As James began to jog at a moderate pace toward Coventry, his friends climbed into a horse-drawn cart to follow him and protect their bet. James did well for the first few miles. Then his friends saw him trip on something and fall forward… but never hit the ground. Instead, James completely vanished. Astonished and doubting their own eyes, his friends looked for him without success, then raced back to Leamington Spa to inform the police. An investigation turned up nothing. James Worson had run into oblivion.
HALFWAY TO THE WELL
Most disappearances do not have witnesses, yet there is sometimes circumstantial evidence that is no less puzzling. This is the case for the vanishing of Charles Ashmore. It was a cold November winter night in 1878 when 16-year-old Charles went out into the dark with a bucket to fetch water from the well for his family on their Quincy, Illinois property. He did not return.
After many minutes, his father and sister became concerned. They feared that Charles perhaps had slipped in the snow that blanketed the ground and was injured, or worse, had fallen into the well. They set out to look for him, but he was just gone. There was no sign of a struggle or fall… only the clear tracks of Charles’ footprints in the fresh snow that led halfway to the well, then abruptly stopped. Charles Ashmore had suddenly disappeared into the void.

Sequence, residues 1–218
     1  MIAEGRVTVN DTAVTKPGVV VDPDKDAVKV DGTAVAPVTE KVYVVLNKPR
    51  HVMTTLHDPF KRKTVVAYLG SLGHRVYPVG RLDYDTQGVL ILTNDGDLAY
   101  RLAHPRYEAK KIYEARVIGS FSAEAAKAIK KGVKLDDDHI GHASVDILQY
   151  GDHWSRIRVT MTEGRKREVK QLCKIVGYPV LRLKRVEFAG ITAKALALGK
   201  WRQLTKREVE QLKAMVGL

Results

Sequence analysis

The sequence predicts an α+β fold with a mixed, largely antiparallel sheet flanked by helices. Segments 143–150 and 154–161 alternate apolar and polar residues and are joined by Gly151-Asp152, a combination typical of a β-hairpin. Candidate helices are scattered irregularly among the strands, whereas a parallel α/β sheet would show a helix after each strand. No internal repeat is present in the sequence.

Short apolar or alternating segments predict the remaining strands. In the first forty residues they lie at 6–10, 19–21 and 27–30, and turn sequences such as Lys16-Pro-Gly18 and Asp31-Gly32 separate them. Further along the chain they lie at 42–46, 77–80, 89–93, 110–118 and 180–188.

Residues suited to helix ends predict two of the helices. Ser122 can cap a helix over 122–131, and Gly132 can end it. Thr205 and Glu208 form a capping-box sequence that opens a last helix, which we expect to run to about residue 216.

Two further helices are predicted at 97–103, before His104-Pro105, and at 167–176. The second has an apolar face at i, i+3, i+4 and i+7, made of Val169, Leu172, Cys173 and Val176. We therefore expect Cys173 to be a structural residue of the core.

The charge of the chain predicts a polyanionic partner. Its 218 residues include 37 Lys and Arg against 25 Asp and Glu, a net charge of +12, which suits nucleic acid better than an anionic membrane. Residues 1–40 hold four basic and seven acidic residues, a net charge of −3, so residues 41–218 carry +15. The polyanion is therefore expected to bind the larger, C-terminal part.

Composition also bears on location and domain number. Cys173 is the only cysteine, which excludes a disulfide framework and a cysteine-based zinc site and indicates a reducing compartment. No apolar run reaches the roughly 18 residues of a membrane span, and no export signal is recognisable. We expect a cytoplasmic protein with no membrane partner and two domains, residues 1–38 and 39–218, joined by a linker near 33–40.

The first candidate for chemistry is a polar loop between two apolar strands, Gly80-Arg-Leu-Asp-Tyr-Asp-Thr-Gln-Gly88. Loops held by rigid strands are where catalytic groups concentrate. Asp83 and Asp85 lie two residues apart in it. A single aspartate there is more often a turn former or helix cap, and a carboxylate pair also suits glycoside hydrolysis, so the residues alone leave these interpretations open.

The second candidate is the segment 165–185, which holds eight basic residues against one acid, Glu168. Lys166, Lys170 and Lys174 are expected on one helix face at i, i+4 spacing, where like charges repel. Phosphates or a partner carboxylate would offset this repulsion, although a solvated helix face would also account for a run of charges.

GONE IN HIS SLEEP
Bruce Campbell was right next to his wife when he disappeared, although she didn’t see it happen. She was asleep. And perhaps so was he. It was April 14, 1959, and Campbell was traveling with his wife from their hometown in Massachusetts to visit their son some distance across the country. It was a long but pleasant drive across the U.S. with plenty of stops along the way. One overnight stop was in Jacksonville, Illinois.. and it turned out to be the last stop Mr. Campbell was to ever make.